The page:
Calculating your Net Worth

On of the best ways to figure out the state of your financial health is to calculate your net worth. Not only is this figure important for your own personal knowledge, but determining your net worth is important in order to qualify for a variety of financial products such as loans and investments. Fortunately, calculating it isn’t too hard, but it is important to start with accurate information in order to get a good result.

In order to calculate this figure, gather together any documents pertaining to your investments, bank accounts, credit lines and loans. Then, on a piece of paper or spreadsheet, make two columns. In the first column, list every asset that you own. Assets are any property with value to another person. They typically include savings and checking accounts, cash on hand, stocks, bonds, and mutual funds, and investment accounts. Most people also choose to include their retirement accounts, even though they would prefer not to liquidate these accounts immediately. In the asset column, you may also consider including “soft” assets such as real estate and cars. Soft assets can be difficult to determine the actual value of because objects such as jewelry and antiques must be appraised by a professional. Soft assets also have a tendency to change in value less predictably than hard assets such as cash. Because of this, some people choose to leave these types of assets out of their net worth calculation, while other people choose to use the smallest assessed value of these objects in their calculation.

In the other column, list all of your liabilities. Be sure to include any debts, including mortgages, car loans, credit card balances, past due taxes, and pay day loans. Do not include recurring bills that are not tied to loans, such as electric or insurance bills. Although these are expenses that you can expect to have to pay, they are hard to predict and therefore usually not included in the calculation of net worth. Also, be sure to subtract any future liabilities, such as balloon payments on loans or delayed tax bills. For a true net worth calculation, use the principal balance on each of the loans, rather than the total amount that would be paid after interest is added. Net worth is only a snap shot of your present financial situation, so only use the amount that would need to paid today in order to pay off the loan.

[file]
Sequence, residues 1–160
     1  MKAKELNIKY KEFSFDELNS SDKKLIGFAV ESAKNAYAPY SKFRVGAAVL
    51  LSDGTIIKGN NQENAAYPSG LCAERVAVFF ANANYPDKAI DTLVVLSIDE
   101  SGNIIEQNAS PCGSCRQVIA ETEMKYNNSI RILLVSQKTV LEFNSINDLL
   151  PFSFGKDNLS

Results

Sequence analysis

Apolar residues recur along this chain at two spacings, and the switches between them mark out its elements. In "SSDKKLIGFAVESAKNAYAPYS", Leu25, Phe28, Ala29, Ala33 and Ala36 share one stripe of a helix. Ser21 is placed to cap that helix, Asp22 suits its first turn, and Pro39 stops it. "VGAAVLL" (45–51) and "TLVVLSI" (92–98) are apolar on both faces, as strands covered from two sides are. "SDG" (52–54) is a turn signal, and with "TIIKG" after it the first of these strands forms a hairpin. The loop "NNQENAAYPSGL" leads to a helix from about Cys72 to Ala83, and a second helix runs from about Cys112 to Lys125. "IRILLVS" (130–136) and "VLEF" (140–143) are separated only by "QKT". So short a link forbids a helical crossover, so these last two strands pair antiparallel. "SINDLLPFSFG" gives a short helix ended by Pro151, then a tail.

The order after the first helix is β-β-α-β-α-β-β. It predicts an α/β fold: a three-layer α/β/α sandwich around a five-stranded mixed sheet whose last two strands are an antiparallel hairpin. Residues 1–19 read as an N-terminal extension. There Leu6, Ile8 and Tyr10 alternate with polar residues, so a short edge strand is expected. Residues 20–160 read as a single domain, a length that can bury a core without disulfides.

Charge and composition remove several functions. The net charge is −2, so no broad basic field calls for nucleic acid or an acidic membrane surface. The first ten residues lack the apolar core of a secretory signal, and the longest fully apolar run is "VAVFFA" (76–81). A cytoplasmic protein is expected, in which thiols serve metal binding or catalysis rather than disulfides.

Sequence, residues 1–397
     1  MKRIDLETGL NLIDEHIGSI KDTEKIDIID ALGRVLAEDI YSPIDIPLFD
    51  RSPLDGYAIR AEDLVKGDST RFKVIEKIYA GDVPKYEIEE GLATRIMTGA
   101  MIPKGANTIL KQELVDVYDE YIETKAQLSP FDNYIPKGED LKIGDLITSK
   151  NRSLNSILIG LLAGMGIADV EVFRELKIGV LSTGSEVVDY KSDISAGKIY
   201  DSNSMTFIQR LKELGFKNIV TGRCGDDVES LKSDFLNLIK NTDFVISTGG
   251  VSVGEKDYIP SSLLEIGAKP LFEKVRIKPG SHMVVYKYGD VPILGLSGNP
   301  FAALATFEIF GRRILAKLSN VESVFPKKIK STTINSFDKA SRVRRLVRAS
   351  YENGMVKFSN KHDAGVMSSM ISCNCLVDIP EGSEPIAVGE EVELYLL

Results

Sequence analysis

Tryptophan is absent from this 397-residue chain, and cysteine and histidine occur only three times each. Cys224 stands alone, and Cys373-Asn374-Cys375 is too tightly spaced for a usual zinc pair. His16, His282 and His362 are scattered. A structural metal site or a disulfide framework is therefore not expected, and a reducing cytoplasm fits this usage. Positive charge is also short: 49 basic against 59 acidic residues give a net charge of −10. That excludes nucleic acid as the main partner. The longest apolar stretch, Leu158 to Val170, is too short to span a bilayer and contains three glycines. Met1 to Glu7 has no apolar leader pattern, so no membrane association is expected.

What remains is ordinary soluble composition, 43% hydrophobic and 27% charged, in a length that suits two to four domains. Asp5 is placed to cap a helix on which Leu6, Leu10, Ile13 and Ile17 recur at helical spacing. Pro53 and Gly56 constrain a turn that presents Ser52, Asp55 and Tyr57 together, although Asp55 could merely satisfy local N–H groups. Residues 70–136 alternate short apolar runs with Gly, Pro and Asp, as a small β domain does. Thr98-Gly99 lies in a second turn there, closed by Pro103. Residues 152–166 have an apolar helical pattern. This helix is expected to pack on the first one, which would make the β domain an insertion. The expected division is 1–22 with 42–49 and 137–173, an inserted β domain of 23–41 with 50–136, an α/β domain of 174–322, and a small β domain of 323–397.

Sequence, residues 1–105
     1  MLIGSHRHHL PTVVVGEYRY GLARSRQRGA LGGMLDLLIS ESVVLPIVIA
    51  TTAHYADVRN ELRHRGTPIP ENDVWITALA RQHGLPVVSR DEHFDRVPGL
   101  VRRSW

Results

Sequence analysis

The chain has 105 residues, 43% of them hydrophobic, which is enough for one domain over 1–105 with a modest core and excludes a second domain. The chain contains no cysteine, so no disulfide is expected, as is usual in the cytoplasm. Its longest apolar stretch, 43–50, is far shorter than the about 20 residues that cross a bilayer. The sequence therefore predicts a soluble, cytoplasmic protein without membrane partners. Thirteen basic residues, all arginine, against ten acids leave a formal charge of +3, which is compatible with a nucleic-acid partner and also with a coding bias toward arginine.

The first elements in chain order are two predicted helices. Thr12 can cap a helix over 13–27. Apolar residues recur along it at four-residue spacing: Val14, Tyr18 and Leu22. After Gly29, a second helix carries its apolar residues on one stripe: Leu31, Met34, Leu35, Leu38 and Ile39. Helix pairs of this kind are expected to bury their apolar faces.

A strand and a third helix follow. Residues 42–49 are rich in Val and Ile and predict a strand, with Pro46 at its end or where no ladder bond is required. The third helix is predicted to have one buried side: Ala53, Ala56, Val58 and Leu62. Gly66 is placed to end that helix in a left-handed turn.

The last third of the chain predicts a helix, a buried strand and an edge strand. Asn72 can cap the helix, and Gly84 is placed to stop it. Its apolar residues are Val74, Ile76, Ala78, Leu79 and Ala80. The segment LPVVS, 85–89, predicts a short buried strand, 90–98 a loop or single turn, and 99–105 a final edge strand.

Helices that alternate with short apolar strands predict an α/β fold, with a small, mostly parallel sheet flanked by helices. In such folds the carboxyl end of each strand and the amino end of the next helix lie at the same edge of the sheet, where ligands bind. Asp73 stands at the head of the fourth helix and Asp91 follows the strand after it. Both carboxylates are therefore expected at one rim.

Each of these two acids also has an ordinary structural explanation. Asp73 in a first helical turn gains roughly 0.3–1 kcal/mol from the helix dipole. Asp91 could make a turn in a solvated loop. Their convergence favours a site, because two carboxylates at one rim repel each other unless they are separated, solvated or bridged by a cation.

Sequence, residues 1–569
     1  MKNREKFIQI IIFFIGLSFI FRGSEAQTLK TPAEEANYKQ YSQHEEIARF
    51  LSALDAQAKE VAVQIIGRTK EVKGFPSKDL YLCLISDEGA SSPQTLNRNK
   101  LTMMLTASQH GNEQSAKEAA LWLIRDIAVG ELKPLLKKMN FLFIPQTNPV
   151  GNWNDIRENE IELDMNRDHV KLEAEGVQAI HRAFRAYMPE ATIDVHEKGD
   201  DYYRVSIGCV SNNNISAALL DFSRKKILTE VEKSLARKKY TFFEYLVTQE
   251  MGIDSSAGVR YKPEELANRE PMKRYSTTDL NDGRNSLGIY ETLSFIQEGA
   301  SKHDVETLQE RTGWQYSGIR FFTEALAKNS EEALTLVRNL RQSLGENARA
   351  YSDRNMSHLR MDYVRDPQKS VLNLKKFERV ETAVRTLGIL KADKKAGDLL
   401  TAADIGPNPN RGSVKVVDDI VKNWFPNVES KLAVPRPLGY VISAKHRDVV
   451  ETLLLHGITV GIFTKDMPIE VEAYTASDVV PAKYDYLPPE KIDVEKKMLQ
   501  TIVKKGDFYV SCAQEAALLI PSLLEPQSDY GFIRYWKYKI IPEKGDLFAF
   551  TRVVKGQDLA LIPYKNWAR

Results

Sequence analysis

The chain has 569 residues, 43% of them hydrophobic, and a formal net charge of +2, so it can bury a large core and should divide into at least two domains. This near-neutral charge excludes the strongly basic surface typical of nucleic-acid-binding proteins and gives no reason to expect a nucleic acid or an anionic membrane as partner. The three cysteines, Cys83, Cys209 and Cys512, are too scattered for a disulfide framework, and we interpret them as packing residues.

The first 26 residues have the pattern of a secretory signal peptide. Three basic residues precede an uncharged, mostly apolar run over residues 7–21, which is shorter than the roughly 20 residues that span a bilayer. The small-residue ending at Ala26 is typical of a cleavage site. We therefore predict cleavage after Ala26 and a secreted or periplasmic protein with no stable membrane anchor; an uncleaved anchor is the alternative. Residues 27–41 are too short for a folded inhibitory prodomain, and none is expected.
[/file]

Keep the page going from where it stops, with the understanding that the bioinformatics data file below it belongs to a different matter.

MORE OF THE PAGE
Once the assets and liabilities in each category have been listed, total them, then subtract the liabilities from the assets. A positive result means that you have a positive net worth, while a negative result means you have a negative net worth. If the result is negative, it isn’t necessarily a bad thing. Plenty of people who are starting out have negative net worths. It is also very common for people who have just acquired a large asset via a loan to have a negative net worth. As long as you have the income to cover the payments and the asset is not losing value, it isn’t a bad thing. The important thing to remember is that net worth only shows a small part of your financial picture.